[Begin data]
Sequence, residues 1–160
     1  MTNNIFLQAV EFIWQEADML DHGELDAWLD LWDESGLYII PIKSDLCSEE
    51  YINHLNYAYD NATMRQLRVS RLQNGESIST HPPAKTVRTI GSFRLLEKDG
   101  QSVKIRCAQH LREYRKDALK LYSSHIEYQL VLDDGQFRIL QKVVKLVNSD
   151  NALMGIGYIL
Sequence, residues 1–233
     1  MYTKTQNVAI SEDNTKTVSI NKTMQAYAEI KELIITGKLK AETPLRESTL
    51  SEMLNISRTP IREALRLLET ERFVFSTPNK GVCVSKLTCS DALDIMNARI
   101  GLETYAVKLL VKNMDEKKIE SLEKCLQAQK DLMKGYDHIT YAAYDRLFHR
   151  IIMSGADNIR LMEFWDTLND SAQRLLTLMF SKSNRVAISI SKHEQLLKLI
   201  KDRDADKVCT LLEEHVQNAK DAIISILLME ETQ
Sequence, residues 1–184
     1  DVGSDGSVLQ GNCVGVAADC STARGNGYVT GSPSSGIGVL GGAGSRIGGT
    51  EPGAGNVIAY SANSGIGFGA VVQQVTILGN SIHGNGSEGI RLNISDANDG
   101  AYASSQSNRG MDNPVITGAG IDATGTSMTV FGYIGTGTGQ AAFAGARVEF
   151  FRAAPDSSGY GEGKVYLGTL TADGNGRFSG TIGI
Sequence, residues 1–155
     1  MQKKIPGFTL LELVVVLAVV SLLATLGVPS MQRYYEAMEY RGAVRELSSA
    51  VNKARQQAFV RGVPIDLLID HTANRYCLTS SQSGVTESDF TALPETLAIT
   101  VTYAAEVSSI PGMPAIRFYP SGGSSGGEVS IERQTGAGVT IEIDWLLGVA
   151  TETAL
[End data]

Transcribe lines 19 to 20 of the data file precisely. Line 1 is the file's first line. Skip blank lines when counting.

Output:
    51  VNKARQQAFV RGVPIDLLID HTANRYCLTS SQSGVTESDF TALPETLAIT
   101  VTYAAEVSSI PGMPAIRFYP SGGSSGGEVS IERQTGAGVT IEIDWLLGVA